Aldred's Case

Aldred's Case (1610) 9 Co Rep 57b; (1610) 77 ER 816, [1558–1774] All ER Rep 622, is an English land law and tort law case on nuisance. The case can be seen as the birth of the ordinary man having a cause of action in certain types of environmental law against his immediate neighbour. The case confirmed a legal right to abate relatively extreme noise and smell, provided it cannot be justified as being protected by way of an easement have arisen such as from the passing of time (an easement by prescription) or custom on the piece of land in question.

The judge recited the separate law, in an obiter dictum in an old Latin maxim in the English common law, that there is no right to a view.

William Aldred claimed that Thomas Benton had erected and used a pigsty too close to his house, so that the stench made his own house unbearable to live in, including the "stopping of wholesome air".

JudgmentEdit

The Court ruled that the smell of the sty was enough to deprive Aldred of his property and personal dignity and therefore a violation of his rights and his honour as it was stripped away from him, holding that a man has, "no right to maintain a structure upon his own land, which, by reason of disgusting smells, loud or unusual noises, thick smoke, noxious vapours, the jarring of machinery, or the unwarrantable collection of flies, renders the occupancy of adjoining property dangerous, intolerable, or even uncomfortable to its tenants..."

The Court also held the following.

By force of which custom he justified the stopping [blocking] of the said windows; and upon that the plaintiff demurred in law; and it was adjudged by Sir Christopher Wray, Chief Justice, and the whole Court of King's Bench, that the bar was insufficient in law to bar the plaintiff of his actions, for two reasons:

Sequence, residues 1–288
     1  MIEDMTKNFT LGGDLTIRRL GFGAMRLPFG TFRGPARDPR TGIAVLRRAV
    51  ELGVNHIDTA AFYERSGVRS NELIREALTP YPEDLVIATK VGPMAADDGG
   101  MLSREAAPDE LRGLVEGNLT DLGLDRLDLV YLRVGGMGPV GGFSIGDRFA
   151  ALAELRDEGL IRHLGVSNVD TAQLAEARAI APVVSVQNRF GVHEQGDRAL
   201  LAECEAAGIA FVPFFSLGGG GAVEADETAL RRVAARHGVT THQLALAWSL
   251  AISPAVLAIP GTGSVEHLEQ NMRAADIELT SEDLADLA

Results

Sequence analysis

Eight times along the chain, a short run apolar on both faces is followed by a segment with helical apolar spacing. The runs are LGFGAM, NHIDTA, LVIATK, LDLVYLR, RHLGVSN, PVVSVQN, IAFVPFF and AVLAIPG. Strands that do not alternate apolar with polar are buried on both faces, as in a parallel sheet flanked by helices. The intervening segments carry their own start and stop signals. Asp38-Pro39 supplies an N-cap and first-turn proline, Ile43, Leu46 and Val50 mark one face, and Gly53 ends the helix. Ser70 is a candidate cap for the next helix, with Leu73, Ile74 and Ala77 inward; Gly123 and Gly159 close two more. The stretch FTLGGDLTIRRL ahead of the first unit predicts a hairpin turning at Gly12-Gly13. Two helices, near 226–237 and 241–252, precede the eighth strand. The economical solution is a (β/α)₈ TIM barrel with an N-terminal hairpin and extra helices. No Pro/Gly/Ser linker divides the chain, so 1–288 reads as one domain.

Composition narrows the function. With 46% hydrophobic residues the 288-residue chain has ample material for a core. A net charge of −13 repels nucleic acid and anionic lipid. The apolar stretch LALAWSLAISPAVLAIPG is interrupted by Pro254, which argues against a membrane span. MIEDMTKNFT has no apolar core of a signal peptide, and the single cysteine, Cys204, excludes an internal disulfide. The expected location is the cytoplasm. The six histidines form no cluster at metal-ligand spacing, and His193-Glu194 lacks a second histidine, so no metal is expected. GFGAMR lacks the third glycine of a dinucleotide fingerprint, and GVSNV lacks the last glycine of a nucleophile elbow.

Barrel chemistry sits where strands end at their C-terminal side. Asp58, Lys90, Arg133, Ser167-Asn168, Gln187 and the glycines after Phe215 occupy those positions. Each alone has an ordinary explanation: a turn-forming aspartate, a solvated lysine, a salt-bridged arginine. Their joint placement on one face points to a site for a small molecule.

1. When a man has a lawful easement or profit, by prescription from time whereof, etc another [has a] custom, which is also from time whereof, etc [one] cannot take it away, for the one custom is as ancient as the other: as if one has a way over the land of A. to his freehold by prescription from time whereof etc A. cannot allege a prescription or custom to stop the said way.
  2. It may be, that before time of memory the owner of the said piece of land has granted to the owner of the said house to have the said windows, without any stopping of them, and so the prescription may have a lawful beginning: and Wray, Chief Justice, then said, that for stopping as well of the wholesome [healthy] air as of light, an action lies, and damages shall be recovered for them, for both are necessary, for it is said, et vescitur aura ætherea; and the said words horrida tenebritate, etc are significant, and imply the benefit of the light.
But he said, that for prospect [a view and similar], which is a matter only of delight, and not of necessity, no action lies for stopping thereof, and yet it is a great commendation of a house if it has a long and large prospect, unde dicitur, laudaturque domus longos qui prospicit agros. But the law does not give an action for such things of delight.

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